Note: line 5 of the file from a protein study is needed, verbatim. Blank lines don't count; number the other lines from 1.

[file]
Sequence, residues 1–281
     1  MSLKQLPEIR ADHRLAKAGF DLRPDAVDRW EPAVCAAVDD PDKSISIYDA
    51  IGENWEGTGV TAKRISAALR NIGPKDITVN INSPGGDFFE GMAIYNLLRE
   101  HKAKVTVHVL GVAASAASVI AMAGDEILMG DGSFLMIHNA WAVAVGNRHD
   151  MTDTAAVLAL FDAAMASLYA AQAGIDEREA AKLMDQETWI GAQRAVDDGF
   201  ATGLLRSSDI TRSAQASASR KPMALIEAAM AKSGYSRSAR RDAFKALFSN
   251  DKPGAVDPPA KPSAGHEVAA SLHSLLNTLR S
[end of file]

   151  MTDTAAVLAL FDAAMASLYA AQAGIDEREA AKLMDQETWI GAQRAVDDGF